Who took that look away
I remember how you used to say
You'd never change 
But that's not true 
Oh, Caroline you

Break my heart,

I want to go and cry
It's so sad to watch a sweet thing die
Oh Caroline why

Alicia asked me to comment on the collaborative process and it was the case that we discussed various options beforehand and we enjoyed the to and fro but how much influence I had on the final outcome I don't know; I think that is for Alicia to say. All I can say is that I think the portrait is superb. I love the contrast of the blue and my pink skin. It is not an exact copy of the painting- I am looking straight at the camera with a slightly fearful, apologetic gaze, I am a man and there is no shell - but it was never intended to be a copy and because of that, Alicia has in fact very cleverly created something unique albeit influenced by an original work. Furthermore, she wanted my portrait to be a subversive homage to the original work. It is no wonder that she is held in such high regard in photographic circles.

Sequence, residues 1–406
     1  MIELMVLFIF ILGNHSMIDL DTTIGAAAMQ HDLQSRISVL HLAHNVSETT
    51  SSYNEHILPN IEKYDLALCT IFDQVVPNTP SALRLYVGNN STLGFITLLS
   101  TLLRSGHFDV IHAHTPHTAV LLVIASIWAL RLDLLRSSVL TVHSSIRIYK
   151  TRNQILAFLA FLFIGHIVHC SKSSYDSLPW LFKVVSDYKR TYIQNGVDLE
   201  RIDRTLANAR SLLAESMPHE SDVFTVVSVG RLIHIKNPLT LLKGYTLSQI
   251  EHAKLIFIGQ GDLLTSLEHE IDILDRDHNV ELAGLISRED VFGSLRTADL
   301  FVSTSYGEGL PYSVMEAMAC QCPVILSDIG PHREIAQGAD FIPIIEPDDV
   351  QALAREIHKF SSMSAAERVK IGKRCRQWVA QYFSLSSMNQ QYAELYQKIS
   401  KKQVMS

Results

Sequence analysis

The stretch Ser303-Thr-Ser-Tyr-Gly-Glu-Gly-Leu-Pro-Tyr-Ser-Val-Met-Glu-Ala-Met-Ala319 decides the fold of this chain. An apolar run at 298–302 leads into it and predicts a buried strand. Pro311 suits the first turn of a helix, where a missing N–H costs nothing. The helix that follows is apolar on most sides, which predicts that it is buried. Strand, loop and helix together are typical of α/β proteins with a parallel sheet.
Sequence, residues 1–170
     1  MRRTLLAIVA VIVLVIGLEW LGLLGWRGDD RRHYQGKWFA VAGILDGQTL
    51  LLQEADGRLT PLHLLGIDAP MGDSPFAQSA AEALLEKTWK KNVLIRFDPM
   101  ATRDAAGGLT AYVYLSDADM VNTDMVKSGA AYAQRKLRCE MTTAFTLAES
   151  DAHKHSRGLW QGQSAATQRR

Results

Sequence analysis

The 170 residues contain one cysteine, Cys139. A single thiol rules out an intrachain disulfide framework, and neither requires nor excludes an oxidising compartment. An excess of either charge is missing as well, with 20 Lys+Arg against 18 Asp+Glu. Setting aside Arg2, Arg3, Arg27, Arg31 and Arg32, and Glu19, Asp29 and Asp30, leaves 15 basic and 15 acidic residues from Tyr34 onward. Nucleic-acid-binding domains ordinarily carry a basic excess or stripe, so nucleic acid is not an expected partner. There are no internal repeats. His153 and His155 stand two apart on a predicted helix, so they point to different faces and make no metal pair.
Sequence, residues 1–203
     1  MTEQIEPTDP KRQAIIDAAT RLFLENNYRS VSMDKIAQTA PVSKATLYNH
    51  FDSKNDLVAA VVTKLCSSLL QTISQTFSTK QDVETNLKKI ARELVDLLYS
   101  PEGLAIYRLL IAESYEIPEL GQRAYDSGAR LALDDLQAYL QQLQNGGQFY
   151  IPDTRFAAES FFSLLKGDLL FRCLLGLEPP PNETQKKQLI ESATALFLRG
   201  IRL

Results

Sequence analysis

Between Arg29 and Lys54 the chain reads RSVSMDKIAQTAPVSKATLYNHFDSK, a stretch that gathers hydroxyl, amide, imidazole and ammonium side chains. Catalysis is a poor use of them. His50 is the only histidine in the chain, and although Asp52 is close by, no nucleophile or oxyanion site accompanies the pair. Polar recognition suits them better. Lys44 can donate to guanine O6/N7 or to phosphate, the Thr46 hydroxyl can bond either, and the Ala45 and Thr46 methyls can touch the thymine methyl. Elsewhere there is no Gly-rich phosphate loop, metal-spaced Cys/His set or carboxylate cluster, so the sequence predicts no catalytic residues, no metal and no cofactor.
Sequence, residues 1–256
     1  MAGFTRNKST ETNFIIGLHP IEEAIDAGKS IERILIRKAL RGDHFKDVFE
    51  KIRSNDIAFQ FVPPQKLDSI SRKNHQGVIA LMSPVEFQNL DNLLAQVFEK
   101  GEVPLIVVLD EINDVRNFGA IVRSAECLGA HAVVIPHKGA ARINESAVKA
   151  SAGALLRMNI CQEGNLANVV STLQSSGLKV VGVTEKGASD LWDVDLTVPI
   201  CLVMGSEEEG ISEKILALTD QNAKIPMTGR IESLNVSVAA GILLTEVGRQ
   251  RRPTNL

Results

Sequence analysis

Me and Alicia in conference by Craig Yule

So there we are. I have been photographed by Alicia Bruce, a great photographer and a very nice woman. How many people can say that? Probably quite a few and they almost certainly feel as proud as I do. 


Monday, 1 December 2014

MY TIME HAS COME by Jacqui Booth

MY TIME HAS COME by Jacqui Booth

............and I said to Jacqui as we made our way back to her house,
" I have always wanted to be photographed on a railway track...".